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WASILLA — October is Domestic Violence Awareness Month and recognized across the state.

According to a recent press release, Alaska Governor Mike Dunleavy, the Alaska Department of Public Safety, and the Alaska Council on Domestic Violence and Sexual Assault are working to end the high rates of domestic violence that affect so many Alaskan households.

Gov. Dunleavy recently issued a proclamation recognizing October as Domestic Violence Awareness Month in Alaska, encouraging all Alaskans to unite against domestic violence, raise awareness for the issue, and support the healing of survivors.

“Public safety has been job number one for my administration since I took office,” Dunleavy stated in the press release. “Addressing the high rate of domestic violence that occurs in our state is a top priority. As a father of three wonderful daughters, I have a vested interest in making our state a safe place for Alaska’s women and children. I won’t rest until all Alaskans can live free of violence and crime.”

According to the press release, the Department of Public Safety’s The Alaska Council on Domestic Violence and Sexual Assault (CDVSA) is sponsoring a social media campaign to increase awareness of domestic violence in Alaska, educate Alaskans about the continuum of healthy, unhealthy, violent relations, and connect Alaskans to available resources.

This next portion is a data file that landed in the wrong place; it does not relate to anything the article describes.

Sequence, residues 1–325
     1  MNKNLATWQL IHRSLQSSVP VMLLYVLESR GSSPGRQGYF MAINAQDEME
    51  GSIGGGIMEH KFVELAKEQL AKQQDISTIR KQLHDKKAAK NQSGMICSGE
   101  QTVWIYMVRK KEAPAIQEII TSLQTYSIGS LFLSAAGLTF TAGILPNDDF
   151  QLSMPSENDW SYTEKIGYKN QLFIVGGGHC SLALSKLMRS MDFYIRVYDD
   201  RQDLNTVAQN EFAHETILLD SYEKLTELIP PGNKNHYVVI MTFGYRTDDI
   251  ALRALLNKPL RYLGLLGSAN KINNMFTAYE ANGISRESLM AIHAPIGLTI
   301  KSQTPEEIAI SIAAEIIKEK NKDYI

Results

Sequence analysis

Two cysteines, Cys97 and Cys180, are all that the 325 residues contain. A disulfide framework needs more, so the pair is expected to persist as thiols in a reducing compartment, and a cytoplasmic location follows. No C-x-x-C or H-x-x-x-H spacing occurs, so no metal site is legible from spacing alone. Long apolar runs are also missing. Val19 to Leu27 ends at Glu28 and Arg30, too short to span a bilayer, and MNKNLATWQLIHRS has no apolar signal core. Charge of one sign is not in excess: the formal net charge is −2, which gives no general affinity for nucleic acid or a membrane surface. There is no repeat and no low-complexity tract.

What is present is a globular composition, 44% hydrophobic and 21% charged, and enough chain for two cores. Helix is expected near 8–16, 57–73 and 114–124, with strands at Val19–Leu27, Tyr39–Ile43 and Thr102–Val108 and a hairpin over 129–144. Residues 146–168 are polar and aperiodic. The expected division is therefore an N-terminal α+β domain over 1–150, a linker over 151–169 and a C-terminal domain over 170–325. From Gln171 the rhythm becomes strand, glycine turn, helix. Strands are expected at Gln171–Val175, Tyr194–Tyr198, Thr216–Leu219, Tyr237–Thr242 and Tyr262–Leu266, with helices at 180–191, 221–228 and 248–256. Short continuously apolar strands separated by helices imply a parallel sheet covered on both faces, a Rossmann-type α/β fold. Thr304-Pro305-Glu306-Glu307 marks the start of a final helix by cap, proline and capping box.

The resources offer information for victims, families, and those looking to rise up and combat domestic violence across the state.

“The Alaska Department of Public Safety and Alaska’s law enforcement community is committed to doing our part to hold accountable those who victimize Alaskans and commit acts of domestic violence in our state,” Alaska Department of Public Safety Commissioner James Cockrell stated in the press release. “Once law enforcement responds to a domestic violence call, it is already too late, another Alaskan has already become a victim, and the crime has been committed. I call on Alaska’s men to end this cycle of abuse with our generation and leave a better state for our kids and grandkids.”

The Department of Safety officials assure the public that help is still available for those experiencing domestic violence in spite of the pandemic.

“We ask every Alaskan to commit to no longer tolerating domestic abuse that we see or know about; we ask that you reach out and offer support and compassion to those in need. Together we can end domestic violence in Alaska,” CDVSA Executive Director, Diane Casto stated in the press release. “Thank you to all the dedicated advocates, shelters, crisis lines, and service programs who are available 24/7 to provide safety, support, and kindness to Alaska victims of domestic violence.”

Those in need of assistance are encouraged to call local law enforcement agencies, Alaska’s CARELINE, 877-266-4357, or the National Domestic Violence Hotline, 1-800-799-7233, for emergency crisis and intervention resources.

Contact Mat-Su Valley Frontiersman reporter Jacob Mann at jacob.mann@frontiersman.com

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